Continuing their regular ‘conversation blog’, The New Ism’s co-founders Mel Young and Alex Matthews discuss our collective identity crisis, and what we can do about it.
Mel Young: These days we all believe that we are global citizens. We have no problem travelling around the world on holiday or on business, or acting globally on the internet. But at the same time, we seem to be more hung-up about where we belong and about where we come from. We want to be internationalist and nationalist at the same time. Is this duality causing an identity crisis for humanity?
Alex Matthews: Yes, I think it is. There are countless examples of how we seem to be increasingly separating ourselves into ‘tribes’, and refusing to countenance the opinions of those not in our tribe. In the UK, for example, we had, for a long time, ‘Brexiteers’ and ‘Remainers’, according to opinion on whether the country should remain in the EU. Those groups have morphed into more generalised ‘nationalists’ and ‘globalists’, but the discourse remains just as combative. Why do you think it is that we are so drawn to identifying with a specific group, and so averse to listening to anyone outside our tribe?
MY: I don’t really know. I am sure sociologists have a view. Animals run in packs or big families, for example, so possibly it comes from that. The tribe gives us security on one level. It does appear that modern media is encouraging people to pick one side or the other, with nothing in between. You are either left or right; red or blue, from one country and not another and so on. Once you have picked a side you are in it and there is no way out. Social media plays a part in this. If you read some of the anti-vaccination material available on Facebook, for example, it is vicious in terms of its assault on the way governments are handling the pandemic. Maybe they have a point, but there is no debate or discourse because it is like one tribe fighting another one. There is no middle road!
AM: Yes I think social media has a lot to answer for as it allows people to find one another and take sides – it’s incredibly polarising. And it so easily turns into an echo chamber – you can just connect with people who have the same opinions as you and block anyone you disagree with.
MY: I don’t know if it is all about social media. Some people blame social media a lot and it is certainly an influence, but I think it goes much deeper. Some years ago, I was part of a panel discussion on the role of the media, and we got onto the subject of objectivity. It used to be that the media was impartial and that it provided views from both sides of any argument. One speaker said that was now impossible because objectivity in the media had gone. Newspapers, broadcasters and social media channels had political views, and you couldn’t get away from that. So, if you were in the right-wing tribe you bought a particular newspaper, listened to a certain radio channel and so on. These views simply reinforced your own understanding and politics and made it more imperative for you to stay within your own tribe. If there is no objectivity in the media anymore, then there is much less room for genuine discussion.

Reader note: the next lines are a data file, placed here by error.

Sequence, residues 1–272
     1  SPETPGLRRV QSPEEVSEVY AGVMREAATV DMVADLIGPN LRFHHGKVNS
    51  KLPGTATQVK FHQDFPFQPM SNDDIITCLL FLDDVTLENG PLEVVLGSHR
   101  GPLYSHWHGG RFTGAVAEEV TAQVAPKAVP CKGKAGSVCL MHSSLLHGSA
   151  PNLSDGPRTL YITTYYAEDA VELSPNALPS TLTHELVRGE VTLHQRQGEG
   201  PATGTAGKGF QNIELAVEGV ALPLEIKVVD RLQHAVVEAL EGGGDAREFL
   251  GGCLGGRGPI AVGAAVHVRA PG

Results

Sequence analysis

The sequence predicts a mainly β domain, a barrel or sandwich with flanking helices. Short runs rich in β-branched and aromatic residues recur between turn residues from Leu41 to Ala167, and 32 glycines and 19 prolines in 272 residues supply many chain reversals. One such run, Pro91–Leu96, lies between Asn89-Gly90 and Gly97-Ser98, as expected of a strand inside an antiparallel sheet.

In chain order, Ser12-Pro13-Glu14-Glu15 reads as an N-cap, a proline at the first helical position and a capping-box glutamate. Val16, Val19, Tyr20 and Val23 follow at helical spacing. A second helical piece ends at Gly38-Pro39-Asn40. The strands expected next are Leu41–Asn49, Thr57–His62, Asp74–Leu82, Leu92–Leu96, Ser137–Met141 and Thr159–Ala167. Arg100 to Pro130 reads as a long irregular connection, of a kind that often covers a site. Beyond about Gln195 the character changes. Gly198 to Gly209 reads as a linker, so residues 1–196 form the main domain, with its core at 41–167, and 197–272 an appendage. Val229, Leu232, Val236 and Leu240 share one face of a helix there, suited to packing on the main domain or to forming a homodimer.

AM: Yes the press is so tribal these days. I see it in myself – I would never dream of buying the Daily Mail, for example, and am often shocked by what I read in my parents’ copy of the Daily Telegraph! What I – and we all – should be forcing myself to do is to read those papers and try to understand those points of view, as that is when the different ‘tribes’ can start having more useful, productive conversations.
In a new ism, I think we would need to take a long, hard look at the media. At the moment, as far as I understand, most of the media is owned by wealthy individuals, and the political leaning of the institution they own is swayed by the owner’s views and interests. Perhaps the media – and therefore society – would be less divided if it was driven by citizens rather than by the 0.1%. I’m not too sure how it would work, but perhaps you could draw more voices from different parts of society and create conversations that just don’t happen at the moment.
MY: I think the media is influential and there is plenty to discuss about its diversity and its power, but I still think the issue is deeper for humanity in a modern world. It’s not only about where we belong geographically, but where we belong in the modern global world. Religions, political beliefs, gaming and even football club support goes across borders and that becomes the tribe you belong to. But when we look at saving the world we become challenged: are we saving the world or our global religion or our village? The answer to that question will vary greatly from person to person and I think that’s what’s causing this identity crisis.
AM: You’re absolutely right. But the problems that we are facing as a planet transcend any tribalism. They affect us all – climate change, resource depletion, inequality, poverty, and to address them we must rise above our tendencies to tribalism, and actively engage in discourse with people whose views we might find distasteful – because the solutions will have to work for everyone. At The New Ism, that is what we will seek to do – we want to bring people, particularly young people, together, no matter what their identity, where they are from or what they believe. The important thing is that they – we – all bring apply our ideas and our experiences to solving these huge problems that society faces. To look at it another way, perhaps focusing on the issues that affect us all is the path to solving our collective identity crisis…
Photo: Nadine Shaabana via Unsplash